The final round of the inaugural Extreme E championship will take place in the UK this December, with Dorset stepping in to replace Argentina.
Known as the Jurassic X-Prix due to its close proximity to the Jurassic Coastline on the south coast of England, the season finale will take place on the tank training ranges at Bovington after Covid-19-related travel restrictions caused the cancellation of the original event in Patagonia.
The location change has also pushed back the event date. It will now run on 18/19 December, a week later than planned.
The original plan was for Extreme E to compete in remote locations that had been affected by climate change or human activity, but that was rendered impossible due to the pandemic.
Series bosses had been looking at staging a replacement event in Scotland before settling on Dorset.
Extreme E boss Alejandro Agag said: "This is a poignant shift in our mission to race in remote, far-away places to highlight the effects of climate change, as more increasingly, the issues we talk about are literally happening in our backyards, so it felt like the right time to bring the spotlight home and help the [British] army reduce its own carbon footprint.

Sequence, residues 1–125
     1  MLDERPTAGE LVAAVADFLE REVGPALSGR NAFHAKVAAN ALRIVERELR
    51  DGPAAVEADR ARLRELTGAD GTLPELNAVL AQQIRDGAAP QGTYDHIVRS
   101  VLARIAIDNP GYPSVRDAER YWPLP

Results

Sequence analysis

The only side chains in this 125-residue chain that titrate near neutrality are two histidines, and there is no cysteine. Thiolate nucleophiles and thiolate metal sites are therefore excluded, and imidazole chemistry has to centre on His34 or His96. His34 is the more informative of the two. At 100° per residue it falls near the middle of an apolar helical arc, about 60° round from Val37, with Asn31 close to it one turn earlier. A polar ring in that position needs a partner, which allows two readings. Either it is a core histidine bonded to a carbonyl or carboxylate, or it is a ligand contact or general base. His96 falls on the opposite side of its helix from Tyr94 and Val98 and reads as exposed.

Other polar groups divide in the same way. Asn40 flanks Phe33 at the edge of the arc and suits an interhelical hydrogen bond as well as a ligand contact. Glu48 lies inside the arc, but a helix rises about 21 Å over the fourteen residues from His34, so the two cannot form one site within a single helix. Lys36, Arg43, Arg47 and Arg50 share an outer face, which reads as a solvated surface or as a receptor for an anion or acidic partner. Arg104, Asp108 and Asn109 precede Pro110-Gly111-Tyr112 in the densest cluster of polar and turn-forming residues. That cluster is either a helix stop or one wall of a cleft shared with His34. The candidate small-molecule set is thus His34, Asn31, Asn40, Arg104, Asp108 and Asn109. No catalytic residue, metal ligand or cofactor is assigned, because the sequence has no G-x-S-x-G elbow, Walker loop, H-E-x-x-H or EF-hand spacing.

“The world needs to move forward when it comes to the combustion engine and many other practices, and what better way to symbolise that than with a Jurassic themed X-Prix? Unless we push forward with climate and sustainability action, we risk becoming extinct, and that is something we simply can't ignore any longer.”
The new event has been organised in co-ordination with the Ministry of Defence, the British Army and Motorsport UK. The event goes hand-in-hand with the Army’s recently revealed climate change and sustainability strategy, part of which will have it switch to electric vehicles.
Major general Simon Hutchings said: “The opportunity to work alongside Extreme E, who are world leaders in electrification of vehicles and sustainable energy production, is very exciting. It will enable us to share innovative ideas which will allow the Army to continue to gain technology advantage globally whilst also contributing to our climate and sustainability targets.”
As with the previous rounds in Saudi Arabia, Senegal and Greenland and the upcoming race in Sardinia, Italy, the event won't be open to spectators, with enthusiasts being encouraged to tune in to TV broadcasts instead.
The series uses the St Helena ship as a “floating paddock” to transport the cars across the planet and introduce legacy projects for the local environments, although it hasn't been stated what such a project will entail in the UK.